Illinois REALTOR® Magazine | April 2014

New resources help

clients learn about

property taxes

RVOICE works to inform public, policy makers about best business practices

 

Mike Scobey  |  Assistant Director, Advocacy and Local Issues

As part of IAR’s mission to help you be an information resource for your clients, the RVOICE Program has created a video and brochure on property taxes, a topic that confuses a lot of people in Illinois. The video discusses property tax basics and also explains how homeowners can attempt to appeal their taxes. Check out the video, “What You Should Know About Property Taxes” at www.illinoisrealtor.org/propertytax. The companion brochure can also be found on the webpage. Share this video and brochure with clients and prospects.

Initiatives at the local level

RVOICE has been working with the National Association of REALTORS®’ My REALTOR® Party program to make sure REALTORS® across Illinois are a resource for policy makers at the local level. By tapping into funds available from My REALTOR® Party, REALTORS® can speak with one voice about the stability that a sound and dynamic real estate market brings to our communities. In the last year, grant dollars have been used for the following projects:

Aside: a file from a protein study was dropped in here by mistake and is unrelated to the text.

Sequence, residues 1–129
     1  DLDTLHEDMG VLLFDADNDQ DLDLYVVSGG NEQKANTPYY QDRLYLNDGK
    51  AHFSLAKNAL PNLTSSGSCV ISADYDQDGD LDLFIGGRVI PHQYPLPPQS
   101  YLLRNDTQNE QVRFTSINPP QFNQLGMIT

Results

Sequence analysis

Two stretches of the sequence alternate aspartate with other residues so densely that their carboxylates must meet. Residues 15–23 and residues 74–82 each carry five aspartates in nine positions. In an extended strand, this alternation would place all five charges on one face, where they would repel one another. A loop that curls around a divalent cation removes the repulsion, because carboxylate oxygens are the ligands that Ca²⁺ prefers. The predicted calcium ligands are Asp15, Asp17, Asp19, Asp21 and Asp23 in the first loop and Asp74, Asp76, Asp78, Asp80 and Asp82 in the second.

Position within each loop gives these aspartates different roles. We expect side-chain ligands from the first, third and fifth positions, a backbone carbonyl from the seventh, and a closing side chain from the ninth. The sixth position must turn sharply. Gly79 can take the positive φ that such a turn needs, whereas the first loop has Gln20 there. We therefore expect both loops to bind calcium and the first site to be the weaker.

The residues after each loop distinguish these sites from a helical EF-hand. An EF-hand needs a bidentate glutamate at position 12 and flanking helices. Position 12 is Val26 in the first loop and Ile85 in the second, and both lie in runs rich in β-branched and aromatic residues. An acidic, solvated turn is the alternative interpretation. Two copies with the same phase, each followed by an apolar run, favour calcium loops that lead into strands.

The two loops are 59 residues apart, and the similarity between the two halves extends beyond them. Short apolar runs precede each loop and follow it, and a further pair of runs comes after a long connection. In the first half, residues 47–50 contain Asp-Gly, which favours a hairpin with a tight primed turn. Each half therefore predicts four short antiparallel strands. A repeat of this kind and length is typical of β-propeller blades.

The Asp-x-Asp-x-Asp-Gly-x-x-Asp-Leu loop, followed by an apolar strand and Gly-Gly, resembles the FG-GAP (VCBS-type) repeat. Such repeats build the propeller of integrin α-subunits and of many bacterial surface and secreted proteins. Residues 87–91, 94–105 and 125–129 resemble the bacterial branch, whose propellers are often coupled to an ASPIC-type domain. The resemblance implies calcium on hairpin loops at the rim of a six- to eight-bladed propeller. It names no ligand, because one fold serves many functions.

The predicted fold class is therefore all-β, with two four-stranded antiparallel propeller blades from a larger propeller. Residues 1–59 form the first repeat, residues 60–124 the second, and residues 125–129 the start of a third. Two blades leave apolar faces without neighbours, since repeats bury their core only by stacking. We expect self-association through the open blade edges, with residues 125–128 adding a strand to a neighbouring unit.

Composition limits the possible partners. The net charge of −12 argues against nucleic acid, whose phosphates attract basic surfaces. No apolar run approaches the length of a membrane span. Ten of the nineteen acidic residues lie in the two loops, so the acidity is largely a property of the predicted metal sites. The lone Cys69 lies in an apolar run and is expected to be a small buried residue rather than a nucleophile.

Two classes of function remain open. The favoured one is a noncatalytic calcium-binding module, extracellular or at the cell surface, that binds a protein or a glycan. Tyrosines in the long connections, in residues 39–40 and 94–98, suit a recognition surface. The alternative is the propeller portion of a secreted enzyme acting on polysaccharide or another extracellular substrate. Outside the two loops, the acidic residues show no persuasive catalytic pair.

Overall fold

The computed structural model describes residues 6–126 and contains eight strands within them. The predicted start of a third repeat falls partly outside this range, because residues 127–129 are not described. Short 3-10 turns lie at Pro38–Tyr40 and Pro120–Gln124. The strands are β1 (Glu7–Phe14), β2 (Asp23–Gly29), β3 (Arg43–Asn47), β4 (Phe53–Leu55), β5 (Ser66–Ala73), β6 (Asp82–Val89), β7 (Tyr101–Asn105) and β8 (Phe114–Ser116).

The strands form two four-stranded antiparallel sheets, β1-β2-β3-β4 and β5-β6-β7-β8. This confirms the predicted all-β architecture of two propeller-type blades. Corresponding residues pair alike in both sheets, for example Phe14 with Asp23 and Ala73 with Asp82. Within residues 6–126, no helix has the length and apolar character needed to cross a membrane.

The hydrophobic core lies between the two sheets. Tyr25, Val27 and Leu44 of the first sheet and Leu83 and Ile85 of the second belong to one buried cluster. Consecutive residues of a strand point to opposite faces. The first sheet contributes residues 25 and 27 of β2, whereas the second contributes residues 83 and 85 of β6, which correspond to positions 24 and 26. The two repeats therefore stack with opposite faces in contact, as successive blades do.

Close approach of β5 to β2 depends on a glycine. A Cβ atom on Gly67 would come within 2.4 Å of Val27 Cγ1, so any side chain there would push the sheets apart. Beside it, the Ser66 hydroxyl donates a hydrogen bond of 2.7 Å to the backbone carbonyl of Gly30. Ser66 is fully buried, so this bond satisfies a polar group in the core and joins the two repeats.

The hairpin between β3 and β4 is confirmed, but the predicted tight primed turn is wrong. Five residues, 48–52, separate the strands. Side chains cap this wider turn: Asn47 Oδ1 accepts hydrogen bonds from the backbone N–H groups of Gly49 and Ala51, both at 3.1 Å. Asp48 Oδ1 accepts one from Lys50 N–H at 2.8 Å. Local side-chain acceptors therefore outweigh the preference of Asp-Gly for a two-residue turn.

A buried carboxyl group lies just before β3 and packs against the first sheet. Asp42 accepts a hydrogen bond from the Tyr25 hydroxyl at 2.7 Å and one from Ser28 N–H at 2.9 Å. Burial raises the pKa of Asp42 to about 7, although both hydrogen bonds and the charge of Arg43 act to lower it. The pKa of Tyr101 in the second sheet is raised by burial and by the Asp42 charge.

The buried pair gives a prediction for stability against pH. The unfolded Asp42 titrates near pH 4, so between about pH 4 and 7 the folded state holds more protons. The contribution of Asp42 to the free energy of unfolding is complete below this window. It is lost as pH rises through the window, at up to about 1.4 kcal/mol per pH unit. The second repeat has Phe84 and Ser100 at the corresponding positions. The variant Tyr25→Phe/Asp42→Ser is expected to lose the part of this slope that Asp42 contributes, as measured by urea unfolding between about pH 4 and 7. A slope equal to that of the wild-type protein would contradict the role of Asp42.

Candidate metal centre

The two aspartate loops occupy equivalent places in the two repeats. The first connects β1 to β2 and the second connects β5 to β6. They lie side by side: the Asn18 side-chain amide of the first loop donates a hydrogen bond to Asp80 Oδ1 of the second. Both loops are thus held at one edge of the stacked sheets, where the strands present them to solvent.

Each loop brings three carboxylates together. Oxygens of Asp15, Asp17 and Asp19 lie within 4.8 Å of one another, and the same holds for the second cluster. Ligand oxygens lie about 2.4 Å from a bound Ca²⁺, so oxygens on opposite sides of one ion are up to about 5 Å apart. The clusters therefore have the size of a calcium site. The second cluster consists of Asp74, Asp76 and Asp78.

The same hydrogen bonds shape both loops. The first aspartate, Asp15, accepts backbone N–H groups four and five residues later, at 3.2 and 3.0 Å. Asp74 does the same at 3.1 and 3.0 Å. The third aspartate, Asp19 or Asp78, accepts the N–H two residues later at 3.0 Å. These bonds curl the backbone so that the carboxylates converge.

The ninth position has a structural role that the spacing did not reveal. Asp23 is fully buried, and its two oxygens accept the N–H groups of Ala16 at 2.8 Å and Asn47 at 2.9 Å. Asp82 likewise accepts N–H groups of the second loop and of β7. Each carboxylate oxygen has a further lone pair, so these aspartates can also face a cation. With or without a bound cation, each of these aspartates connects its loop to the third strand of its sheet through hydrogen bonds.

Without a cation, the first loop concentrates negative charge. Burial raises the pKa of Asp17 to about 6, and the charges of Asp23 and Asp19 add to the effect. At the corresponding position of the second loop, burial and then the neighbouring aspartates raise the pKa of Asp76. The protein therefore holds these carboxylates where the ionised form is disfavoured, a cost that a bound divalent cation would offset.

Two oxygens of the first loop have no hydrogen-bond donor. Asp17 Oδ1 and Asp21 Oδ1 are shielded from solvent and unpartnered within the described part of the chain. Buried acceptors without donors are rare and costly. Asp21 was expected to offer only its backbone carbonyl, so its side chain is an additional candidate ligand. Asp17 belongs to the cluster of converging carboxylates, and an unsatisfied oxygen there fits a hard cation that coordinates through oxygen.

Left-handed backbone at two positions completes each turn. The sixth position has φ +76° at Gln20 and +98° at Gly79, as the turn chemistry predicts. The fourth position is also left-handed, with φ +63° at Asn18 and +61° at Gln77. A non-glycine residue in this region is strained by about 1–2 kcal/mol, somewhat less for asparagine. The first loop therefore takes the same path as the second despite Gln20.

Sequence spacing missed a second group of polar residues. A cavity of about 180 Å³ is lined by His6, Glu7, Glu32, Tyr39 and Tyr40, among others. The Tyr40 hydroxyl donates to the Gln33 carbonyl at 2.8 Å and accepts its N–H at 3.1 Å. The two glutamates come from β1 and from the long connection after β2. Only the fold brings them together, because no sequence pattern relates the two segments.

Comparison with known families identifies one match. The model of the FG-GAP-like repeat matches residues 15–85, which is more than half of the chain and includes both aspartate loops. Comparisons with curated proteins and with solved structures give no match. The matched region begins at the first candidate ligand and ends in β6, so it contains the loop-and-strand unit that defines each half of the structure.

• A property tax appeals seminar was held for non-residential property owners in Cook County.
  • A seminar in Will County explained to county board members and REALTORS® the key provisions of a zoning code re-write.
  • REALTORS® in Springfield partnered with the city and the local chamber of commerce to produce a Housing Market Analysis for downtown Springfield.
  • Employer Assisted Housing Programs were coordinated with the cities of Elgin and Aurora, explaining how REALTORS® can educate local businesses on the advantages of having these programs.
  • A Housing Fair held for veterans in Belleville was attended by 120 people.

If you have an idea of a program that you think should be conducted in your community, contact your local Government Affairs Director or local Association. There are three types of funding available: housing, diversity and smart growth.

IAR also used funds on direct advocacy for local issues. Proposals requiring fire sprinkler installation in the Quad Cities were shelved as a result of an advocacy campaign. When an onerous set of rules for private septic system maintenance surfaced in Peoria County, IAR used RVOICE funds to do targeted property owner outreach. This effort resulted in the creation and adoption a more reasonable set of regulations. 

Breakout Text: 

April 2014

 


 

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